Horace—Carmina. III. 11. 35.

Round numbers are always false.
Samuel Johnson—Johnsoniana. Apothegms, Sentiment, etc. From Hawkins’ Collective Edition.

Falsus in uno, falsus in omnibus.
False in one thing, false in everything.
Law Maxim.

For no falsehood can endure
Touch of celestial temper.
Milton—Paradise Lost. Bk. IV. L. 811.

Qui ne sent point assez ferme de memoire, ne se doit pas mêler d’être menteur.
Who is not sure of his memory should not attempt lying.
Montaigne—Of Liars. Bk. I. Ch. IX.

Hercle audivi esse optimum mendacium.
Quicquid dei dicunt, id rectum est dicere.
By Hercules! I have often heard that your piping-hot lie is the best of lies: what the gods dictate, that is right.
Plautus—Mostellaria. III. 1. 134.

Playing the Cretan with the Cretans (i.e. lying to liars).
Plutarch, quoting Greek prov. used by Paulus Æmilius.

Some lie beneath the churchyard stone,
And some before the Speaker.
Praed—School and School Fellows.

I said in my haste, All men are liars.
Psalms. CXVI. 11.

Mendacem memorem esse oportet.
It is fitting that a liar should be a man of good memory.
Quintilian. IV. 2. 91.

Ce mensonge immortel.
That immortal lie.
Rev. Père de Ravignan. Found in Poujoulat’s Sa Vie, ses Œuvres.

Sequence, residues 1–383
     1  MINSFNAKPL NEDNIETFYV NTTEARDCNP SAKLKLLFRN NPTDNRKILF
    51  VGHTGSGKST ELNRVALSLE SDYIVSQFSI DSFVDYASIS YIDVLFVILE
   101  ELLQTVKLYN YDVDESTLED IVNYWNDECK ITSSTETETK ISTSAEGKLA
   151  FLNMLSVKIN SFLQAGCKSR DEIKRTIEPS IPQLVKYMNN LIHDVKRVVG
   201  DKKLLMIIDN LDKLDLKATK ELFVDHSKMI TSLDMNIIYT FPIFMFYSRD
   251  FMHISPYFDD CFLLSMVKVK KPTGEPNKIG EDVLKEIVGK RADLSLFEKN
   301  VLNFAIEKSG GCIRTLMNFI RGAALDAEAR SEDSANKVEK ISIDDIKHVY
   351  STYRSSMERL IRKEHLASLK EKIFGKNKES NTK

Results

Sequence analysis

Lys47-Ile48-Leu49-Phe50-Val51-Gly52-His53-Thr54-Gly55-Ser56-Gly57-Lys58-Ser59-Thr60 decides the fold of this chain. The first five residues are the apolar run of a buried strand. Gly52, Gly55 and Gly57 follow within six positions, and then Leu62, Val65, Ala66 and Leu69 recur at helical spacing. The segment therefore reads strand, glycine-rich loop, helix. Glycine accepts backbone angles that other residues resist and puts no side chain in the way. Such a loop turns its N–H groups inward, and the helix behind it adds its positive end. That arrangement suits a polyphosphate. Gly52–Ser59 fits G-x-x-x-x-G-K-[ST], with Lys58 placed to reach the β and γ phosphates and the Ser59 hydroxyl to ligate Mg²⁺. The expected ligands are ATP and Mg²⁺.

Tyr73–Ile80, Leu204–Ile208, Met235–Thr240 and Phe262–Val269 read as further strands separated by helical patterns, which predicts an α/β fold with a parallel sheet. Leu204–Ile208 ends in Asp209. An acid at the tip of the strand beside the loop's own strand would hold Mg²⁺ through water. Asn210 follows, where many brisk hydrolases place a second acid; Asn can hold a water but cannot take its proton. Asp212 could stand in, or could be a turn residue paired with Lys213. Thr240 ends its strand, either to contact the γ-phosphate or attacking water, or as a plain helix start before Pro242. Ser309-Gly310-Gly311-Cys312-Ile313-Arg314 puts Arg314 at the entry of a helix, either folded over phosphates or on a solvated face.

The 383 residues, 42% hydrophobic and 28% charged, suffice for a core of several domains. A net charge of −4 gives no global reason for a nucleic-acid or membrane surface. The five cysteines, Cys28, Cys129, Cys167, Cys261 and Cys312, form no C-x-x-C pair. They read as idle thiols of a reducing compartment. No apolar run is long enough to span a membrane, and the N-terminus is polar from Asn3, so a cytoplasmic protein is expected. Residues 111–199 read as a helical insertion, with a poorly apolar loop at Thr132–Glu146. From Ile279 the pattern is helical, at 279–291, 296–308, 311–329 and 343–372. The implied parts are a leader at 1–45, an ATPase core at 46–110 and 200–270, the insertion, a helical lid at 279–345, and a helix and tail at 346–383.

He will lie, sir, with such volubility, that you would think truth were a fool.
All’s Well That Ends Well. Act IV. Sc. 3. L. 283.

To lapse in fulness
Is sorer than to lie for need, and falsehood
Is worse in kings than beggars.
Cymbeline. Act III. Sc. 6. L. 12.

Your bait of falsehood takes this carp of truth.
Hamlet. Act II. Sc. 1. L. 63.

’Tis as easy as lying.
Hamlet. Act III. Sc. 2. L. 372.

These lies are like the father that begets them; gross as a mountain, open, palpable.
Henry IV. Pt. I. Act II. Sc. 4. L. 249.

Lord, Lord, how this world is given to lying! I grant you I was down and out of breath; and so was he: but we rose both at an instant and fought a long hour by Shrewsbury clock.
Henry IV. Pt. I. Act V. Sc. 4. L. 149.

For my part, if a lie may do thee grace,
I’ll gild it with the happiest terms I have.
Henry IV. Pt. I. Act V. Sc. 4. L. 161.

Lord, Lord, how subject we old men are to the vice of lying!
Henry IV. Pt. II. Act III. Sc. 2. L. 325.

Whose tongue soe’er speaks false,
Not truly speaks; who speaks not truly, lies.
King John. Act IV. Sc. 3. L. 91.

An evil soul producing holy witness
Is like a villain with a smiling cheek;
A goodly apple rotten at the heart:
O, what a goodly outside falsehood hath!
Merchant of Venice. Act I. Sc. 3. L. 100.

Had I a heart for falsehood framed.
I ne’er could injure you.
R. B. Sheridan—The Duenna. Act I. Sc. 5.

This shows that liars ought to have good memories.
Algernon Sidney—Discourses on Government. Ch. II. Sec. XV.

A lie never lives to be old.
Sophocles—Acrisius. Frag. 59.

I mean you lie—under a mistake.
Swift—Polite Conversation. Dialogue 1. Same phrase used by De Quincey, Southey, Landor.

That a lie which is half a truth is ever the blackest of lies;
That a lie which is all a lie may be met and fought with outright—
But a lie which is part a truth is a harder matter to fight.
Tennyson—The Grandmother. St. 8.

And he that does one fault at first,
And lies to hide it, makes it two.
Watts—Song XV.

I give him joy that’s awkward at a lie.
Young—Night Thoughts. Night VIII. L. 361.